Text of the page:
Three tips on how to handle a low offer

It is a pretty amazing feeling for home sellers when the offers start coming in. However, that excitement can quickly be shrouded by a low offer, or an offer that is far lower than their asking price. But once the seller gets over the initial shock and that slightly insulted feeling, they’ve got to make a decision.

Does the seller counter the offer and try to get to a price point that is more reasonable? Does the vendor refuse to acknowledge it and have the real estate agent turn the prospective buyer away for submitting such a ridiculous offer? Before a seller makes any decision on a low offer, they need to consider these three things:

1. Is it really too low to consider?

As shocking as a low offer can be, it also can be a bit of a reality check. What seller doesn’t want buyers competing for their home, which can result in a sales price that exceeds the asking price? Unfortunately, that is not a reality for everyone—even during the busiest seller’s markets. So, when a low offer comes in, try to put it into perspective. Is the offer simply lower than the price they were hoping to get for their home? If they’re asking $450,000 for their home, and an offer of $445,000 comes in it probably doesn’t qualify as a low offer. With that being said, the vendor doesn’t have to accept any offer. But, an offer that is only slightly lower than the asking price is still one worth considering—even if the seller decides to counter.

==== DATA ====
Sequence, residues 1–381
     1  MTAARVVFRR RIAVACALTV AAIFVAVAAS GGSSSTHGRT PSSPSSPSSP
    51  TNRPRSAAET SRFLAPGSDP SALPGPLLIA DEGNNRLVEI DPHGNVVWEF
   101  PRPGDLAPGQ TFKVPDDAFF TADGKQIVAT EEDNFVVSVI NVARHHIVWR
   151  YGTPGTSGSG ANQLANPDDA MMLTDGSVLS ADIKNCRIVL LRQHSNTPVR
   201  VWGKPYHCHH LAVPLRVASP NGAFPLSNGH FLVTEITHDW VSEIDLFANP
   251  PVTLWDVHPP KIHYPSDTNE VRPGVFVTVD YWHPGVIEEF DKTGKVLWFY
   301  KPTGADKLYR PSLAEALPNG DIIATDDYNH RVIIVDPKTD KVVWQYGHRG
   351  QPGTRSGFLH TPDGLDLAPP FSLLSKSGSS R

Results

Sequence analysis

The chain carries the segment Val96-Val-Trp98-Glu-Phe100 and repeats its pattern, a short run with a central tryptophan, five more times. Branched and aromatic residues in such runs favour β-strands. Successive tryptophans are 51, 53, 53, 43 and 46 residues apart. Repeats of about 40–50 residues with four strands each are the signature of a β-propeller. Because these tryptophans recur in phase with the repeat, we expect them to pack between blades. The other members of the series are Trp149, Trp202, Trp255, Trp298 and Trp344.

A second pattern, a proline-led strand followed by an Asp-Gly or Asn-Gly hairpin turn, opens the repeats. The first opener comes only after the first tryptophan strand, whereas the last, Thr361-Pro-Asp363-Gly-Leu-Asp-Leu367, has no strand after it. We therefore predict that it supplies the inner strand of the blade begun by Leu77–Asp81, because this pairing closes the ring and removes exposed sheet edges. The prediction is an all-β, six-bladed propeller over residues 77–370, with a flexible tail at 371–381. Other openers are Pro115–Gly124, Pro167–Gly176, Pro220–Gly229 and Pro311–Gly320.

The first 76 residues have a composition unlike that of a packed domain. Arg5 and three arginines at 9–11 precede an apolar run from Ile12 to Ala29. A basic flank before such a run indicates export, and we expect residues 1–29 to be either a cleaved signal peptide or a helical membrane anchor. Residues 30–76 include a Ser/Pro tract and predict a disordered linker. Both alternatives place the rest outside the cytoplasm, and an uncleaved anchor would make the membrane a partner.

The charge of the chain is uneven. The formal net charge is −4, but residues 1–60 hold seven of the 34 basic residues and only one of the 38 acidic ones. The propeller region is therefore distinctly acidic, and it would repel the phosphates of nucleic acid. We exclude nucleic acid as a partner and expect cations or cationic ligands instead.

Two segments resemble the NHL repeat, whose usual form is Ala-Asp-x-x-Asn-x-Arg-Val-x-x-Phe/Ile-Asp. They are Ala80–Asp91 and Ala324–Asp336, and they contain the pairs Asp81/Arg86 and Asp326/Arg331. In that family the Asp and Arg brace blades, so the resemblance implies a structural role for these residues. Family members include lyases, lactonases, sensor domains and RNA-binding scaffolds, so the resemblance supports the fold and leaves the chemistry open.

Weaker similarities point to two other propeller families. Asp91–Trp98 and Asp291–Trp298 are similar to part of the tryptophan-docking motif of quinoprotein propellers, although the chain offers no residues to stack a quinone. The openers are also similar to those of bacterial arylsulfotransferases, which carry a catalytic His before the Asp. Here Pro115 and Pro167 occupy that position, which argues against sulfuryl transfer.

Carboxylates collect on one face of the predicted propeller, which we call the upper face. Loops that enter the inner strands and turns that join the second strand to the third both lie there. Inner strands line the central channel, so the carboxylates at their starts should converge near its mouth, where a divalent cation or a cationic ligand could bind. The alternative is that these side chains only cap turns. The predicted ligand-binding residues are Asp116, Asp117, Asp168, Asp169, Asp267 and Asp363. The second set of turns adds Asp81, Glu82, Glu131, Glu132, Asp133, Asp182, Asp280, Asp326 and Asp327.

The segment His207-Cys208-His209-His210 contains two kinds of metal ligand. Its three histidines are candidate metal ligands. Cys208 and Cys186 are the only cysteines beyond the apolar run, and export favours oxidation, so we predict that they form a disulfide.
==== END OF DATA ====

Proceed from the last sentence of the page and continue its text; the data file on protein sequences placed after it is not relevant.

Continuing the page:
2. Is the asking price too much?

If a low offer is the only offer, or a vendor receives a series of offers that just don’t measure up to their asking price, it may be time to take another hard look at their listing. Setting the right price for the home is crucial to selling when you’re first on the market. At the time a seller decides to list, their real estate agent should complete a comparative market analysis to make sure the asking price is reasonable, based on other similar homes that have recently sold or are currently listed. If a vendor sets their own price, they may let their emotional attachment to their home or their knowledge of all the money and work they have put into the home set a price that puts them right out of the market. If they are finding that they are only receiving low offers, the vendor may need to reset the price of the home, so that it is more competitive. In this case, just know that the seller may also prolong the sale of their home.

3. Is there something that might sweeten the deal?

When it comes to the vendor’s decision to consider a low offer on their home, it may help to consider a few other factors of the sales process. If they’re selling and buying a new home at the same time, it may benefit them to entertain a low offer, so that they can move according to their own schedule. If the low offer comes with little to no special conditions attached, it may also be worth considering. Finally, if a low offer is accompanied by loan preapproval, the vendor may also be looking at a smoother closing process. Don’t simply consider the low offer alone, but look at what other factors, such as a flexible settlement, which may contribute to the sale before they turn any offer away.

Though a low offer on a vendor’s home may not be an ideal offer, they should know that it may not be as bad—or as low—as it seems. Before a seller simply ignores an offer that doesn’t seem as sweet as they’d like and close the door on a potential home sale, consider these few factors first.

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Three tips on how to handle a low offer